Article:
ERIC Number: ED180371
Record Type: Non-Journal
Publication Date: 1979-Oct
Reference Count: N/A
Voluntary Withdrawal: Why Don't They Return?
Ironside, Ellen M.
Factors that influence voluntary withdrawal from the University of North Carolina at Chapel Hill are investigated. A survey based on a cohort of students admitted for the first time in fall 1977 was conducted with a response rate of approximately 50 percent. Major and minor reasons for not returning to the university are tabulated for males and females. Results indicate that race does not appear to be a significant factor in voluntary withdrawal and that reasons do vary notably by sex and age. A total of 30 percent of those surveyed felt their reasons for leaving were personal and 35 percent felt their reasons were more university-related. Negative perceptions that the 1978 non-returners had concerning the university's large size and "impersonality" are also discussed as commonly cited reasons for withdrawal. It is suggested that the responses also indicate the importance of a "good fit" between students and the institution as many of the students considered the university "atmosphere" the primary reason for their leaving. Changes in counseling, readmission procedures, and other policies are recommended. The data are tabulated and the survey instrument is appended. (Author/SF)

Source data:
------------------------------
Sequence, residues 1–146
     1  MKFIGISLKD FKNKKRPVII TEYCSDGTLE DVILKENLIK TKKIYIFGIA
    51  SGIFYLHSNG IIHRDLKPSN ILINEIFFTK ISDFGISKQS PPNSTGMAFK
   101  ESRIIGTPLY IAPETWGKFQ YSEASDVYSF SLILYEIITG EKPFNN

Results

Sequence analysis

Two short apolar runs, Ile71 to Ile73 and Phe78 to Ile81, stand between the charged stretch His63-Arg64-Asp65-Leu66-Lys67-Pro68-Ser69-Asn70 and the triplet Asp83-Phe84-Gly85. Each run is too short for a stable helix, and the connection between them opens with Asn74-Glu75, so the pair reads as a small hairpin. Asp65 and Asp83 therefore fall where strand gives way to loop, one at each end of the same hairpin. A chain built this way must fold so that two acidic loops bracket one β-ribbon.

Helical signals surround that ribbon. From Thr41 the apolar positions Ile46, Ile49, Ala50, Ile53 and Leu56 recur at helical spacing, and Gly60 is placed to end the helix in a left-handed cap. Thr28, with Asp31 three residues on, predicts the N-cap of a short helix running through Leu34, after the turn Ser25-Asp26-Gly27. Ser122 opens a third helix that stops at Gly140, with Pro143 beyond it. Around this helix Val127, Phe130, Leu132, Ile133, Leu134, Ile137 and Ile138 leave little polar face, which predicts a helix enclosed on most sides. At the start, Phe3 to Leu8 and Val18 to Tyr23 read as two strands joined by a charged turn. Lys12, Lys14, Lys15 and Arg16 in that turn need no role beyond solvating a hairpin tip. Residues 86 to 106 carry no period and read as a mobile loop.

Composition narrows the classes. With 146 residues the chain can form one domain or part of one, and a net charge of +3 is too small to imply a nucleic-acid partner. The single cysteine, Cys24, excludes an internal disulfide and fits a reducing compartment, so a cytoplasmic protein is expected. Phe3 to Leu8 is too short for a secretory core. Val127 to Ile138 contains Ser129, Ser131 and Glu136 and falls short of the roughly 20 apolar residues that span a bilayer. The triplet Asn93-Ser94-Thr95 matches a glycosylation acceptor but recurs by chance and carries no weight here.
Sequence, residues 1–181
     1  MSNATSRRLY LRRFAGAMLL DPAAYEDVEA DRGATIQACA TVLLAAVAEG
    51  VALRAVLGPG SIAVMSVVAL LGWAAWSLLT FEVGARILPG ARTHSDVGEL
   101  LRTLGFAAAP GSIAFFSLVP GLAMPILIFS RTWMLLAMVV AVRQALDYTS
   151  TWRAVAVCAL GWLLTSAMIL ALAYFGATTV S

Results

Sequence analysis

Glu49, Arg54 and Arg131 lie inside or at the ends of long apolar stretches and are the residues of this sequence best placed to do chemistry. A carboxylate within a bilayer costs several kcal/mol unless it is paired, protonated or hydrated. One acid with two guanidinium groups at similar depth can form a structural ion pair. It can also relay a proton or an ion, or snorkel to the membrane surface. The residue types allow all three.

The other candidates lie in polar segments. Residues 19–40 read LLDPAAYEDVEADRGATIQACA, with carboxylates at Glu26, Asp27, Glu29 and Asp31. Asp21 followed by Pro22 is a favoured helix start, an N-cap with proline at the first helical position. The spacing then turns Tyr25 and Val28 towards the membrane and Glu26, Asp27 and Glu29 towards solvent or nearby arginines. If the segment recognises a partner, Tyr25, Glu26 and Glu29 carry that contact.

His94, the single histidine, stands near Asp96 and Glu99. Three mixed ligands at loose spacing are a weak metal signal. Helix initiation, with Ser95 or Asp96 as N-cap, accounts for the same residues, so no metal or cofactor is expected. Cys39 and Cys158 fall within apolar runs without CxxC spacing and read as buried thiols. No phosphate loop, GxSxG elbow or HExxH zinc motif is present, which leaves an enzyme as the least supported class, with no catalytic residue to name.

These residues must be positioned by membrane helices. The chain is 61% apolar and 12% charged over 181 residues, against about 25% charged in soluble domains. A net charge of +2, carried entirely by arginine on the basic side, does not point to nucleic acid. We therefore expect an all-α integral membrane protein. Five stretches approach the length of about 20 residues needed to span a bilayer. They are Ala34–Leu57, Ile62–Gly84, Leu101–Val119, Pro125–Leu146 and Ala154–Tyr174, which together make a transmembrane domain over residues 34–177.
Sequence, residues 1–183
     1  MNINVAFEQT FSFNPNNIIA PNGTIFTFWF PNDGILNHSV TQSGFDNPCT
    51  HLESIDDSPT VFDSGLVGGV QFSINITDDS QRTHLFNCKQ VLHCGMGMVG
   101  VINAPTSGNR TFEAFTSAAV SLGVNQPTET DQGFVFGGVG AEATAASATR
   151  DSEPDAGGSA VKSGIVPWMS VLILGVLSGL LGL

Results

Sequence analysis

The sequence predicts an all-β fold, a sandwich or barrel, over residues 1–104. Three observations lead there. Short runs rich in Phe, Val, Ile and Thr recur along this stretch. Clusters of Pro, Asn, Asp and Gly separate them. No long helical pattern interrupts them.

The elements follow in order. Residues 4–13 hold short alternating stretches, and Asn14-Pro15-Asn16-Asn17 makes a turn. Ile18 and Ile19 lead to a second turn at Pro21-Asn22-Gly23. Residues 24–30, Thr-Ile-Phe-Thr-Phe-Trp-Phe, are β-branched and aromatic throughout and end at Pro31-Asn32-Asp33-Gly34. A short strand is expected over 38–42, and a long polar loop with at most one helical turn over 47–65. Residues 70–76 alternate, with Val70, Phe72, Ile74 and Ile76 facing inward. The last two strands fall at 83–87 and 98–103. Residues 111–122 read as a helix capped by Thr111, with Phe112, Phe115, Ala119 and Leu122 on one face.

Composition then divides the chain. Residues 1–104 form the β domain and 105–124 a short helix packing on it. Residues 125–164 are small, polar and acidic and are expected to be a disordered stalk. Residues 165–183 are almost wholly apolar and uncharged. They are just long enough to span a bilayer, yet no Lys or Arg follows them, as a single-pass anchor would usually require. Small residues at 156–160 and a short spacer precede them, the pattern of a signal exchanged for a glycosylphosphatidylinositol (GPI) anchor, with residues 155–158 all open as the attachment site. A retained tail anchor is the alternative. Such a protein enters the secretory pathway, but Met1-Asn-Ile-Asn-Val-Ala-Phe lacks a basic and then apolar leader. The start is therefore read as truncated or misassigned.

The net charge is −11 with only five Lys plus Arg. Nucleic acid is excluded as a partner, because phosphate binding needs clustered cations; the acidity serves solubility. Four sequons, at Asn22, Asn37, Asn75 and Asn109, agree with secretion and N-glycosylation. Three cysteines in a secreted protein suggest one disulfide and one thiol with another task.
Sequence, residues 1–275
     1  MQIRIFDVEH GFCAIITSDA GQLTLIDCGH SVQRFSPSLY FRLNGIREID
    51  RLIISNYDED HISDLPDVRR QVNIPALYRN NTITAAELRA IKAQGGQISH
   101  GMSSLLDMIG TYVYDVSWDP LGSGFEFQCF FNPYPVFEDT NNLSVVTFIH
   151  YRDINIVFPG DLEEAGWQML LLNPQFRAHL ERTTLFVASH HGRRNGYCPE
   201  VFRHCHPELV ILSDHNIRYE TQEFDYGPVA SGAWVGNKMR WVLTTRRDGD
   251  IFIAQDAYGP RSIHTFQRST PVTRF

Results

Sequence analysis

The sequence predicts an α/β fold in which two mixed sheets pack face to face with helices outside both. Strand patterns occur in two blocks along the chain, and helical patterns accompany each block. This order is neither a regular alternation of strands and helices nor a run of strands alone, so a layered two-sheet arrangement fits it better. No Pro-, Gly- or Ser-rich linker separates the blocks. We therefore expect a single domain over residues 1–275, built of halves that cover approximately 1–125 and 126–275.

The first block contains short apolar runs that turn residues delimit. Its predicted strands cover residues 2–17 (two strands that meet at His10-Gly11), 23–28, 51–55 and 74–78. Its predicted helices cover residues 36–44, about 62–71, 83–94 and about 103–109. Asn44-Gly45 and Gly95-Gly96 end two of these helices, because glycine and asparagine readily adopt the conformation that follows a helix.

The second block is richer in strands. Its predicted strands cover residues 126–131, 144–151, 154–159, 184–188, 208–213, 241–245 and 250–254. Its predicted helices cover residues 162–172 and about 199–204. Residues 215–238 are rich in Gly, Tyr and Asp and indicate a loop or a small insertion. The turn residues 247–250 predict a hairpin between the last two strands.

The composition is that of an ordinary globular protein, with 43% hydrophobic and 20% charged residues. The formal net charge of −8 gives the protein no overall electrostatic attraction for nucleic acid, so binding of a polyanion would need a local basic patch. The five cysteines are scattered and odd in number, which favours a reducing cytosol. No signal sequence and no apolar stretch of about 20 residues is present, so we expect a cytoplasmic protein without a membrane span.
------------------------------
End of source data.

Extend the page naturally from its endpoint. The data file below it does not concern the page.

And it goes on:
Descriptors: Age Differences, Blacks, Cohort Analysis, College Environment, College Freshmen, Dropout Research, Females, Higher Education, Institutional Research, Males, Questionnaires, School Holding Power, Sex Differences, Student Attrition, Student Characteristics, Student College Relationship, Withdrawal (Education)
Publication Type: Speeches/Meeting Papers; Reports - Research; Tests/Questionnaires
Education Level: N/A
Authoring Institution: N/A